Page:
The second floor is laid out under the rafters and marked by its recently restored, exposed roofing framework. It is taken up by a long corridor leading to five bedrooms.
A semi-circular arched, vaulted cellar, featuring exposed brick, runs under the west section of the building. This period basement, with its packed mud floor, has fixtures and fittings typical of a wine storehouse. It has ensured the stability of the house and acted as insulation against humidity since its construction.
The old house extending the chateau
This older house adjoins the west side of the chateau, set at right angles to the single-storey utility building. It comprises a secondary wooden stairway and doors communicating with the chateau have been created on each of its two levels to ensure access to its rooms.
The ground floor of the house has ceilings the same height as those of the chateau. It includes a small lounge, with polychrome decor, illuminated via two windows on the south side and extended by a bedroom-study, with an adjoining shower room.
This section, exuding a more family atmosphere, has a door leading to the main courtyard and opens into the chateau’s large, traditional kitchen. It is enhanced with a monumental fireplace, exposed brick walls and a floor laid with varnished, local Toulouse brick.
It is followed by an area converted into staff accommodation, with a lounge, a kitchen-dining room and a bedroom, with a shower room. And lastly, at the end of this building are three horse loose boxes.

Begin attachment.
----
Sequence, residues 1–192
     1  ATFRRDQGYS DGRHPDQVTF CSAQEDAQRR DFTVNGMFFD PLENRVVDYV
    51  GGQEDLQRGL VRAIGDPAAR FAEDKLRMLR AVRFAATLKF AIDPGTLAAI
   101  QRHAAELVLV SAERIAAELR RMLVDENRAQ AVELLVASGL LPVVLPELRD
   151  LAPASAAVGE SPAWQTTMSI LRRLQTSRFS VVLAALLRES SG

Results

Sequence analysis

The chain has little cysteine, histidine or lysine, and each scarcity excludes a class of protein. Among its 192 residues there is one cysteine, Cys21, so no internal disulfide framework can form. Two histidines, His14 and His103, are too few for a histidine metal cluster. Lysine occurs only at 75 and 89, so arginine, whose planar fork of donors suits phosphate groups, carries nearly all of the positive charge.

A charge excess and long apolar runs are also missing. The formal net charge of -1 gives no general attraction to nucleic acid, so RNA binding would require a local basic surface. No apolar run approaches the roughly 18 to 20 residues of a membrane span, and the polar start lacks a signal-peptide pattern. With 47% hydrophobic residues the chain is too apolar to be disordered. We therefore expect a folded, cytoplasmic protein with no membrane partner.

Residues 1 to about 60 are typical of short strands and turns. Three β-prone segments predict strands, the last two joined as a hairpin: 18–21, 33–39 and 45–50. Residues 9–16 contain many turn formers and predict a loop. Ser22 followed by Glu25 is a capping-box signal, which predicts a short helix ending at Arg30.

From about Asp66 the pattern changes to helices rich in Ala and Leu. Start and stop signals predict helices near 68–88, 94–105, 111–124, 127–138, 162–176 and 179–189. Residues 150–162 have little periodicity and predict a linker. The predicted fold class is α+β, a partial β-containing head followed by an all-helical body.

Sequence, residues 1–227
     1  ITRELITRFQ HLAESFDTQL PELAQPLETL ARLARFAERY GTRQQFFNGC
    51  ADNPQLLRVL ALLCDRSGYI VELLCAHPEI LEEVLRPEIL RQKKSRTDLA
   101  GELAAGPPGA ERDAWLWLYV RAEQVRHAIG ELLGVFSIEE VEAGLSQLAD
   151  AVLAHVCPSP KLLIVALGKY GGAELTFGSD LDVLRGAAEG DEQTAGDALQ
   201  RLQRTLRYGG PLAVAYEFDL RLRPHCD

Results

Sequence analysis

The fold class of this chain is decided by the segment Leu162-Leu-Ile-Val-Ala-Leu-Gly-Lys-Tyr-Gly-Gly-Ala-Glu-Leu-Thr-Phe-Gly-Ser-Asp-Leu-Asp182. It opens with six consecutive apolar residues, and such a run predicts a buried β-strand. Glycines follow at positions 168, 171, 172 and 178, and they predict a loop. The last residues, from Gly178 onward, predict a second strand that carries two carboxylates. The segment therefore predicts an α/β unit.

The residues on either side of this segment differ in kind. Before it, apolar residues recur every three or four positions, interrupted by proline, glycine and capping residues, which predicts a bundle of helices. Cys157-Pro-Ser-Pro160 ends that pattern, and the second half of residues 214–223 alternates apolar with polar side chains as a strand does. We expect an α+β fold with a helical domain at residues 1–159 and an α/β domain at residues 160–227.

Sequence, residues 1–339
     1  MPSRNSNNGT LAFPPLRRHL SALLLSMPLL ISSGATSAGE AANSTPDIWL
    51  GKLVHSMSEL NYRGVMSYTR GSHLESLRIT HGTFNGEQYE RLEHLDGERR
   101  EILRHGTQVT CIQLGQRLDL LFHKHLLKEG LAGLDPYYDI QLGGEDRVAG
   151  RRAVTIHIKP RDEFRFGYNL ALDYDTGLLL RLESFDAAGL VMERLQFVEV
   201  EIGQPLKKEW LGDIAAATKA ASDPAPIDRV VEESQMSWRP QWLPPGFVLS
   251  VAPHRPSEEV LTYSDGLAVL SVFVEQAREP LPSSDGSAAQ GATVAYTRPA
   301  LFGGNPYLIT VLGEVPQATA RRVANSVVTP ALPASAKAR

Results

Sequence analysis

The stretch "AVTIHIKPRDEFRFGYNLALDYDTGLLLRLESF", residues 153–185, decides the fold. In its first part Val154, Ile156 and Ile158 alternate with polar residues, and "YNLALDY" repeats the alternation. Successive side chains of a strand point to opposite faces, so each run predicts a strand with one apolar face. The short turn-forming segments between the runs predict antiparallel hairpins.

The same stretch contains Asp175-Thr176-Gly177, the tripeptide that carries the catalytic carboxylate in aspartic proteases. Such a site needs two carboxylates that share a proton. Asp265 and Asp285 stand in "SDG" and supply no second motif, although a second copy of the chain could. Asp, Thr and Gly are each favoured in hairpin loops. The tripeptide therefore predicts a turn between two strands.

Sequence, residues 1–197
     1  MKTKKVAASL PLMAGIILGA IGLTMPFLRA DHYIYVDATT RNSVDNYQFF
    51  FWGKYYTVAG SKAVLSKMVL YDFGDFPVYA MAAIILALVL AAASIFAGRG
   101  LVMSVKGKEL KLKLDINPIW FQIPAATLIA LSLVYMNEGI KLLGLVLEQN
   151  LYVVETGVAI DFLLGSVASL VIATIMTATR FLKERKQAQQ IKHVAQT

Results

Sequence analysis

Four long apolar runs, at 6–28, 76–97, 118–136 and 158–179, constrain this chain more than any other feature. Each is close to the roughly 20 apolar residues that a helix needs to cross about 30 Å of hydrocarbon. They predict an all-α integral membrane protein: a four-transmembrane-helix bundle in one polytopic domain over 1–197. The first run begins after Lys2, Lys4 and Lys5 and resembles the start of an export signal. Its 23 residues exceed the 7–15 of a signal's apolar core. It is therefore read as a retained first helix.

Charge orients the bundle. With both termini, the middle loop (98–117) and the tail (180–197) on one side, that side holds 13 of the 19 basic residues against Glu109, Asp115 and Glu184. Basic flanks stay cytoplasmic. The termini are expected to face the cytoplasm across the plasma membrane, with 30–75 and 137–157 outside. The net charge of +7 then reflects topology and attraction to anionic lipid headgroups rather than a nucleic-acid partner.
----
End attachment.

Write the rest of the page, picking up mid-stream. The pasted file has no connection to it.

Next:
The farm courtyard and its outbuildings
The utility building stands between the chateau’s main courtyard and the farm courtyard. The latter is closed by a traditional monumental porchway and planted with horse chestnut trees.
The barrel-vaulted, brick porchway gives access to an elegant, old farm building, featuring a 5-arch arcade. On the west side of the farm courtyard, an old, 2-storey house, the “silkworm nursery”, features a south-facing facade identical to that of the chateau. Adjoining the silkworm nursery, a 2-storey farm shed closes the farm courtyard. On the north side, a caretaker’s cottage comprises a living room, a kitchen, a lounge, two bedrooms and a shower room. Between the porchway and the first dovecote are several horse boxes used for storage purposes. Following the second dovecote, an orangery is extended by an old greenhouse.
And lastly, outside of the courtyard, stands a farm shed, featuring two monumental arches.
These parklands, extending over a surface area of approx. 6 ha, enhance the house with a garden, a vegetable garden, an orchard and alleyways. They abound in trees, hundreds of years old, which look down on the 18th century buildings in a harmonious, timeless atmosphere.
All the buildings still have their original architectural features. The harmony exuded by the various buildings gives these premises a rare charm. The vegetation is lush, the setting peaceful and majestic.
This property, typical of its era and its region, is made outstanding by its authenticity and its character.
|Land registry surface area||6 ha|
|Main building surface area||700 m2|
|Number of bedrooms||15|
|Outbuilding surface area||2000 m2|
|including refurbished area||700 m2|
Florence Lenfant +33 1 42 84 80 85
NB: The above information is not only the result of our visit to the property; it is also based on information provided by the current owner. It is by no means comprehensive or strictly accurate especially where surface areas and construction dates are concerned. We cannot, therefore, be held liable for any misrepresentation.